The EV6 managed to be cheaper to operate than any gas-powered long-term test car we’ve tested
Its shape may not be traditional, but it’s an eye-catching design that turned heads all year and doesn’t make big compromises to utility
Kia’s charging technology is superb, but that can only take you so far with today’s troublesome and finicky fast-charging network
This one’s a hard goodbye. The long-term Kia EV6 GT-Line that’s been in our fleet is gone, and it’s going to be one we miss. In the end, we steamed on past the 10,000-mile mark, and while there have certainly been some unplanned dealer visits for updates and road debris, our EV6 proved reliable and a real joy over the course of a year.
While we had tested virtually every new electric vehicle by the time the EV6 made its way into our fleet, it represented our first chance at putting an electric car through a year-long test. The nature of typical weeklong loans for media simply can’t reveal the true ownership experience of a car, especially for EVs when charging is such a pivotal part of the experience/ordeal. That’s one of the big reasons why we wanted to commit to a yearlong test of an EV6. Thankfully, the Hyundai/Kia/Genesis E-GMP platform cars are heavy hitters when it comes to charging.
Read all Long-Term Kia EV6 updates here
But before getting into the public charging question, it’s vital to recognize the importance of charging at home. Some of us here at Autoblog have Level 2 chargers installed at our respective homes, and for those of us who do, the public charging infrastructure is almost a non-issue. Outside of road trips, no day trip around metro Detroit will require more range than the 274 miles our EV6 is rated for on a full charge, leaving folks to come and go from their homes without ever typing “EV charger” into Google Maps.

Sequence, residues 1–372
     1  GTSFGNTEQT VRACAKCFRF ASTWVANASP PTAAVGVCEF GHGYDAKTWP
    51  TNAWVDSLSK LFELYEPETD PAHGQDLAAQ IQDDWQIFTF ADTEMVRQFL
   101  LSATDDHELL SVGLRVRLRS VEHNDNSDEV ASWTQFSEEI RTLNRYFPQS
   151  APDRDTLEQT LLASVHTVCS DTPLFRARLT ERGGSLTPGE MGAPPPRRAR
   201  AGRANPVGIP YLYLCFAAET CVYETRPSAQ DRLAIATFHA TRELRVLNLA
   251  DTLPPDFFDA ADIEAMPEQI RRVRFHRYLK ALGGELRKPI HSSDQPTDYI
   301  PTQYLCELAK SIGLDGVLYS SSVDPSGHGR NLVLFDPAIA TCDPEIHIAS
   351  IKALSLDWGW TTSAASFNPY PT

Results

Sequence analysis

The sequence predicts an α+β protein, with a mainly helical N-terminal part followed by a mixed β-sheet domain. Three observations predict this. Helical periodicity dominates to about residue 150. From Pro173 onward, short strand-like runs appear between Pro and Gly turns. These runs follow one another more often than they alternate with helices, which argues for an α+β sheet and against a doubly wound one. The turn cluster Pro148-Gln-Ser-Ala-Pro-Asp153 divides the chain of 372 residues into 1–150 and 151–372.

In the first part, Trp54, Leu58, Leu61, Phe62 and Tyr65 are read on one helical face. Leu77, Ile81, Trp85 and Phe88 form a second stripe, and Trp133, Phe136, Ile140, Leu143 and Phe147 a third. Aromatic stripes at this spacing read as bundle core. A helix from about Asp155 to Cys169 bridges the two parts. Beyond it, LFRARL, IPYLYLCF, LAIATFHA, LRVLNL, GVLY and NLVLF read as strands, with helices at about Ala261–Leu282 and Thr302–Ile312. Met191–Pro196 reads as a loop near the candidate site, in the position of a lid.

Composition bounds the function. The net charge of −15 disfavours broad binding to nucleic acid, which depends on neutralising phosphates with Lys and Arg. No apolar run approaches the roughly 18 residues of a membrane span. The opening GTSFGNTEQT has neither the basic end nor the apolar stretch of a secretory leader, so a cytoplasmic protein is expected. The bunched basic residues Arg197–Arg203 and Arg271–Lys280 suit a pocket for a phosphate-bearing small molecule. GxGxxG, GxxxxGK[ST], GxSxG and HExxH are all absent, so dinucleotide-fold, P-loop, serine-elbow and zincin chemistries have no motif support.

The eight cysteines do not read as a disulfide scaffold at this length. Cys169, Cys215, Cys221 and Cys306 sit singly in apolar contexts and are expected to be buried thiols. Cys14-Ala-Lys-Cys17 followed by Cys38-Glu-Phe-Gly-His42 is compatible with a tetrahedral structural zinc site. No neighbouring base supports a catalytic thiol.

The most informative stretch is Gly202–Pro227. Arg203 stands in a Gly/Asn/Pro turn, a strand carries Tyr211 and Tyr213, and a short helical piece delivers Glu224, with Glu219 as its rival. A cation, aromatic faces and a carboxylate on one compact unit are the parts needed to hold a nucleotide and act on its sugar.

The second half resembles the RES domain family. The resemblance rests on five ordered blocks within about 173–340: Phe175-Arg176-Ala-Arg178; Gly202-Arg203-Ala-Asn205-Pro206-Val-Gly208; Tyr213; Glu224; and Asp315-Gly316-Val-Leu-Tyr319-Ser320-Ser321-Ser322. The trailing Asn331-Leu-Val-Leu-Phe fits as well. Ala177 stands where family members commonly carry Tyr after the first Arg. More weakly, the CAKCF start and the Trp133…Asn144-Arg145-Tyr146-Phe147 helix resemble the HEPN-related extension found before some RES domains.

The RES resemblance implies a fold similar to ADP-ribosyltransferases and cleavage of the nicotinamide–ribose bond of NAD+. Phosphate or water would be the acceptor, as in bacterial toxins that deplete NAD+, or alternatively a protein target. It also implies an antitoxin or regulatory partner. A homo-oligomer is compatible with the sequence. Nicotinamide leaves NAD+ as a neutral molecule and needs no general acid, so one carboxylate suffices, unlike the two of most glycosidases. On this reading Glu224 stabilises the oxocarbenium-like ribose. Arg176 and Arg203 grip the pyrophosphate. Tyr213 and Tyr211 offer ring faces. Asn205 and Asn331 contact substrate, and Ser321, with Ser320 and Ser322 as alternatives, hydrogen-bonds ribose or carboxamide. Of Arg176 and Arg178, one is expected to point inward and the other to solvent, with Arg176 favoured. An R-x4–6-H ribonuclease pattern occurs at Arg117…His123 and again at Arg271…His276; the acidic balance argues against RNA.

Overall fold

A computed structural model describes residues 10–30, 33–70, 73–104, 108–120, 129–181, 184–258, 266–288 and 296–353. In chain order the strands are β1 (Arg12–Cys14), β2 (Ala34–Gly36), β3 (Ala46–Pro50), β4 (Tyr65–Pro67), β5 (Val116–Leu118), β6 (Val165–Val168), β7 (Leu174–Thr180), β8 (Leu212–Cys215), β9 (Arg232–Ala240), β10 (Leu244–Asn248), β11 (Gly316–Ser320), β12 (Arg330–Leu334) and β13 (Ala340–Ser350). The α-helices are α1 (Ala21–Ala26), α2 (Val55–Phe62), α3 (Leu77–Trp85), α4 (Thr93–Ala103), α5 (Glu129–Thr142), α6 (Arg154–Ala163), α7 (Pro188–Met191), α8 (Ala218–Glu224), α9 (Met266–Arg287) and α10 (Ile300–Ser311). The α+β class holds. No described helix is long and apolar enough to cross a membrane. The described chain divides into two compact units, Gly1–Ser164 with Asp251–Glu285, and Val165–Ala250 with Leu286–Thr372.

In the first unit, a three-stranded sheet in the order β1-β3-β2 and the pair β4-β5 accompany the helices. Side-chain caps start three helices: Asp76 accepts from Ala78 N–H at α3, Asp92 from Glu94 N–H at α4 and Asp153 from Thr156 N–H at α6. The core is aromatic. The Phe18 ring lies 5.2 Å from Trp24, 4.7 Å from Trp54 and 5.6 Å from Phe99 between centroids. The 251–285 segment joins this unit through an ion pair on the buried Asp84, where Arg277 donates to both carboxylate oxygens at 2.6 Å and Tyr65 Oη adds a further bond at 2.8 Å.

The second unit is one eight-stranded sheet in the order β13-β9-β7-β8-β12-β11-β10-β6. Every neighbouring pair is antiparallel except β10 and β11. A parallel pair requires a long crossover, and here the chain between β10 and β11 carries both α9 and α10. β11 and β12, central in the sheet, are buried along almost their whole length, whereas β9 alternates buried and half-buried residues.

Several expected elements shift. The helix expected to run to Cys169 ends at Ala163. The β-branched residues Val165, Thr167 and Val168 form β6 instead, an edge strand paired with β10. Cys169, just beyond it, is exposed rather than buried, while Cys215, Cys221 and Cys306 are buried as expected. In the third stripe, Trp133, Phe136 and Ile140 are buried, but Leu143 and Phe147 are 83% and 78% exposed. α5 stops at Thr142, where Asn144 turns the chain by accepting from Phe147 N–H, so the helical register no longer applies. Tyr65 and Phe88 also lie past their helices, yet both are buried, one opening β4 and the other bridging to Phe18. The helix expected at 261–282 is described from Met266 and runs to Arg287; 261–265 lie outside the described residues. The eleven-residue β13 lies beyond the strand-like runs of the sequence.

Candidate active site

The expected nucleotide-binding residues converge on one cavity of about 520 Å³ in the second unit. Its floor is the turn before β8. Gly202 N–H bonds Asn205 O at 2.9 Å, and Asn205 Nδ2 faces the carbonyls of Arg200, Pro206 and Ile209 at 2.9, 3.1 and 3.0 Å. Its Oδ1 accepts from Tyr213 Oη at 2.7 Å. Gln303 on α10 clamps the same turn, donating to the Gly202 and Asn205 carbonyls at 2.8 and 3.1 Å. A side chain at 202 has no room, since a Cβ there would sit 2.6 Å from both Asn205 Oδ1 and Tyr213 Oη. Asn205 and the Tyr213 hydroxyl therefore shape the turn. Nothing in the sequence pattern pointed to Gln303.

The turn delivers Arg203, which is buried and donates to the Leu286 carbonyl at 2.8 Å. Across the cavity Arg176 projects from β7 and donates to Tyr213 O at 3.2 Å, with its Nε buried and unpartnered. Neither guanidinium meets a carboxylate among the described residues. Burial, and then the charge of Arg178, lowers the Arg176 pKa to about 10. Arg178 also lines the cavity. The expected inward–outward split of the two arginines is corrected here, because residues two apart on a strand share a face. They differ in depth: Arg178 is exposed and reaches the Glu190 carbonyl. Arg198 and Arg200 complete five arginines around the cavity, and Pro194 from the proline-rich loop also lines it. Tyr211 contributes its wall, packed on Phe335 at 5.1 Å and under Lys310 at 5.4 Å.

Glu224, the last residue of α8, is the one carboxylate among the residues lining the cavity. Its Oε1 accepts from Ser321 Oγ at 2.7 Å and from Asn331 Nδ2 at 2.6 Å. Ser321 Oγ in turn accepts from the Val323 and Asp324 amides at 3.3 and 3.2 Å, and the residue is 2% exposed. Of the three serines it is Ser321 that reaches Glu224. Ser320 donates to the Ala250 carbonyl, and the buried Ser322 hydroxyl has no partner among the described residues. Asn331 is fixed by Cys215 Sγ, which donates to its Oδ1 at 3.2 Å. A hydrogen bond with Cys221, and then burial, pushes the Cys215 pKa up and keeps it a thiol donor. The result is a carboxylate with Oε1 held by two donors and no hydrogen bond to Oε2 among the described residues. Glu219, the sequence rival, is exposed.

However, those who did require use of public fast-charging facilities found the EV6 to be a superb vehicle for such a use case. Its fast charging allows it to go from 20-80% in just about 18 minutes, and our EV6 consistently performed at its claimed abilities. We’d show up at the local Electrify America with competitors like the Ford Mustang Mach-E or VW ID.4 already charging and be done and gone before they finished. That may not be as exhilarating as winning a drag race, but it still feels like winning to us.
Where things got trickier (and annoying) is when the weather turned. Those who charged at home continued to do so without so much as being slightly perturbed, while those who charged at fast chargers found the wait times significantly increased. Unfortunately, our 2022 EV6 didn’t have a battery preconditioning system that pre-heats the battery to allow for ultra-fast charging straight out of the gate. You’d need to sit at a charger for a little while before the speed ramps up, but it more than doubled our typical dwell time at any particular fast charger. Waiting 40 minutes at an Electrify America or EVGo isn’t an uncommon wait for many EV owners, but when you’re accustomed to 20 minutes or less, the reduction in performance is extremely noticeable. Thankfully, Kia has since added a battery preconditioning system to newer EV6s and is even offering a software update on models that didn’t have it from the factory.